Other Graphics

A picture speaks a thousand words. This is no truer than when considering displays of financial information. Such graphical charts are the fourth set of business features of the sort of products that can easily be created with general purpose accounting software packages such as MS Money, especially if double entry accounting is used.

Financial Control

For home finances, control is both feasible and realisable and is only limited by the extent to which homesteaders wish to go. It all comes back to a need for a sense of responsibility.

The analysis should first look at distribution and balance. Are the proportions being spent on the Basics a fair amount compared to the total increases?

The information obtained from your end-year results should reveal some fundamental facts. Have you been able to afford anything over and above the basics? If yes, did the amounts enable a reasonable allocation to discretionary decreases; and what about luxuries?

Your accounts and this new set of accounting methods will give you the data and information to enable you to pick up warnings.

What sort of warnings might you want? In today’s climate of a financial debt crisis, probably the most important warning you would look for is one relating to the likelihood of such a pending crisis for you. You would want to know if your decreases are getting too close to your increases, or even exceeding them. You would want to know if your reserves are being depleted, possibly on funding that excess of decreases over increases. You should be looking to see the amount of short-term and long-term liabilities you have; and how their proportions compare to the total value of assets. You would want to know about your liquidity; how well you are able to realise funds in the short term to meet your known commitments. You obviously do not want to sell your house or car just to pay the bills.

On a less dramatic but more important note, you need to know about the proportion of contributions being made to future well-being; and if positive, does the amount being put aside represent a reasonable proportion of your increases?

Conclusion from Adapting Business Accounting Concepts

In order to implement the features I have extracted from business accounting, I needed to be able to use the concepts of double entry.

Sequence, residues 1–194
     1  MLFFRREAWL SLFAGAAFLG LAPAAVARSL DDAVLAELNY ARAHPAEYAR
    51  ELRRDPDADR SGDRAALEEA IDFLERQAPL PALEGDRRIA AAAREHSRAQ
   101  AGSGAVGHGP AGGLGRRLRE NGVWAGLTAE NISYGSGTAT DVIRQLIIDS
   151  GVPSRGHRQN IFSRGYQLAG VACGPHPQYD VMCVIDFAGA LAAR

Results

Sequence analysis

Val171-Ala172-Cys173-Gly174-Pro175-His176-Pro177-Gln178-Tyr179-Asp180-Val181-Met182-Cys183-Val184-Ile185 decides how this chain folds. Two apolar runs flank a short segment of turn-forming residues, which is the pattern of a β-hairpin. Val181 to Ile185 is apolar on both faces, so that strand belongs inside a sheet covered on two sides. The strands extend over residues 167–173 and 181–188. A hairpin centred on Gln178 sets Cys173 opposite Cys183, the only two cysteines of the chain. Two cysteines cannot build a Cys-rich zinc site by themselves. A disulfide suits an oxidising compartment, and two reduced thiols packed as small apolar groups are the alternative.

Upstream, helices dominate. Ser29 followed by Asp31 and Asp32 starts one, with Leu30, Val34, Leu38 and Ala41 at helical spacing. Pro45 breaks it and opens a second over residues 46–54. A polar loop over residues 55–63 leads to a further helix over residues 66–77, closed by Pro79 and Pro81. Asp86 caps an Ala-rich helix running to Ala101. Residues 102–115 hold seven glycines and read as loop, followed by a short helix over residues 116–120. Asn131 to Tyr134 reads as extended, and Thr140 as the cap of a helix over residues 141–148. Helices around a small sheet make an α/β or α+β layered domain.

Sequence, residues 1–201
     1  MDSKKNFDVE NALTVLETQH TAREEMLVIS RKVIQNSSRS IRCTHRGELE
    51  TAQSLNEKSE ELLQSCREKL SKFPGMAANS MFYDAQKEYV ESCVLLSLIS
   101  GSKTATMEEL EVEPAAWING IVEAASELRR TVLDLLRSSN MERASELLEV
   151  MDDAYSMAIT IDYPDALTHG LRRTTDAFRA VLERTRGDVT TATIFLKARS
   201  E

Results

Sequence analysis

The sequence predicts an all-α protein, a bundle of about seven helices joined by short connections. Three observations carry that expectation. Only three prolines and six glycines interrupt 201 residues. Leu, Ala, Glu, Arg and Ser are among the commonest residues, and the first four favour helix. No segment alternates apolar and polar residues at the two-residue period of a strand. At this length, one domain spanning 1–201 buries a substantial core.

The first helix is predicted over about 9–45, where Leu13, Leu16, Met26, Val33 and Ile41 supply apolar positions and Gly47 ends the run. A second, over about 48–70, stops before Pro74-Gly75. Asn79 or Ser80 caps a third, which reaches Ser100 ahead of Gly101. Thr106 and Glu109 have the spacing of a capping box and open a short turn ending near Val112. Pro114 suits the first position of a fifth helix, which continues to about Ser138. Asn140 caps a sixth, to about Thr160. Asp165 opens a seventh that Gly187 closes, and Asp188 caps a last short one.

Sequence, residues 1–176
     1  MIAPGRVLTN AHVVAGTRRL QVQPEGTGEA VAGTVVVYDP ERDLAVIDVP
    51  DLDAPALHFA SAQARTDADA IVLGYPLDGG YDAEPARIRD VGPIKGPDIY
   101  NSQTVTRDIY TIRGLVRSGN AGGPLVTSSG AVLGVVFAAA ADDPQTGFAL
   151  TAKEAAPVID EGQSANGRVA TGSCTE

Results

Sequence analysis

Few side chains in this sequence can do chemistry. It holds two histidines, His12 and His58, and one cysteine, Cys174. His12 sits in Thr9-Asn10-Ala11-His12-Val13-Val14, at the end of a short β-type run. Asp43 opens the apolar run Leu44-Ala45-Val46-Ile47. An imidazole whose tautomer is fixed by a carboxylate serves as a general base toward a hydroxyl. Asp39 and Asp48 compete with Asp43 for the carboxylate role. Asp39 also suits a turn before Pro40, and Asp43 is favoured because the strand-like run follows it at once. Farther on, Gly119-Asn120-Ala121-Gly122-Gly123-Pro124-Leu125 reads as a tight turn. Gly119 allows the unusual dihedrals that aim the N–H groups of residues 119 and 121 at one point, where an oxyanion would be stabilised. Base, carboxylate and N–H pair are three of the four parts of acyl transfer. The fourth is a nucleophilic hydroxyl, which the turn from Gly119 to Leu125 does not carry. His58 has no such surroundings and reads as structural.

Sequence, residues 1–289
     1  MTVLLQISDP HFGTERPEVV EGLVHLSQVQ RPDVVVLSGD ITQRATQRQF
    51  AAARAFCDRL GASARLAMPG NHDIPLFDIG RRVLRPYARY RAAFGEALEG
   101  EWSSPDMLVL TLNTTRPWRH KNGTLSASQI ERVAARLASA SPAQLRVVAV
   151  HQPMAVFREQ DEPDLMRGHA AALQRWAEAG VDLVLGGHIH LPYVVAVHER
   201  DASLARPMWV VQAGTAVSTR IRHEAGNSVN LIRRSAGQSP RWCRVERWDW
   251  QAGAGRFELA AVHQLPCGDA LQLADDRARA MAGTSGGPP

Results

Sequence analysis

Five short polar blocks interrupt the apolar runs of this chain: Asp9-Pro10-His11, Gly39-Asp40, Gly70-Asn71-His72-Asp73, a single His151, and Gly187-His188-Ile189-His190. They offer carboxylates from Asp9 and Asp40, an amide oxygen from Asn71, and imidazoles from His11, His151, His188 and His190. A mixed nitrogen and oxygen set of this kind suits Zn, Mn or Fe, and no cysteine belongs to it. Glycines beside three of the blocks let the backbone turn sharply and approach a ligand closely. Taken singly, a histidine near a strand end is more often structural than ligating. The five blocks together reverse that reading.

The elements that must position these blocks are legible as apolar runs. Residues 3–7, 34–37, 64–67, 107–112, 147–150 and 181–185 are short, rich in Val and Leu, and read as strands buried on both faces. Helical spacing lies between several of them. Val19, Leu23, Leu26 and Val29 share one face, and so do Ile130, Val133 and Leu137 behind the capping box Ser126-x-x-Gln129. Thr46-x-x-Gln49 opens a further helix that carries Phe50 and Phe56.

Simplification

In undertaking home accounting with double entry, the main difficulties related to knowing where I was in relation to individual accounts and the entering of transactions. By this, I mean that when looking at a single account register on the computer screen, it never appeared obvious to me what sort of account I was looking at and into which column of the account, the next posting should be made.

Over time, I realised that the key to understanding the answers to this dilemma lay with the accounting equation. I needed a way to always be able to associate any account with its place in the accounting equation – asset or liability – and to which account it should be associated in order to achieve double entry balance.

Like many amateur accountants I often had problems with reconciling the concept of debts in accounts for mortgages and loans, with a so-called liability related to an amount in a capital or domestic wealth account. To me, domestic wealth was a ‘good’ liability – more was better – whilst the mortgage and loans were ‘bad’ liabilities or debts that had to be repaid; and more was not better, but worse! I resolved this by considering all the accounts that were associated with domestic liability as quasi-liabilities – good liabilities; the amounts or the balances of liability held in these accounts, I considered as ‘good’ liabilities. They were given the letter Q in the appropriate prefixes.

There are a total of four accounts that fell into this quasi group which consisted of the Domestic Wealth account (LQ DW), the Domestic Changes account (LQ DC), the Categorised Increases account (LQ Cat Inc) and the Categorised Decreases account (AQ Cat Dec).

The majority of the changes to domestic wealth over any period come from the decreases associated with expenses such as food, drink, clothes, utilities, holidays etc – virtually all of the Basics and Discretionary decreases. These also end up in the LQ DW account via the LQ DC account but because of the way I handle most of the double entry postings, they arrive via those two quasi accounts for Categorised Increases and Decreases.

Implementation

I initially chose one of the earliest versions of a generalised accounting software packages called MS Money. Being generalised, it provided the capability to create accounts as needed, with any name you chose.

It also had good integrated query and reporting capabilities, together with the concepts of payees, categorisation tags and support for budgets as well as for stocks and shares.

In thinking about the implementation of double entry, MS Money was not designed primarily for double entry. If it was, it would have some journal-like arrangement similar to dedicated double entry accounting software, whereby each transaction is associated in some way with the two accounts involved in the double entry. Then, via a key-click or later batch updating, the two individual postings would be made to the appropriate two accounts.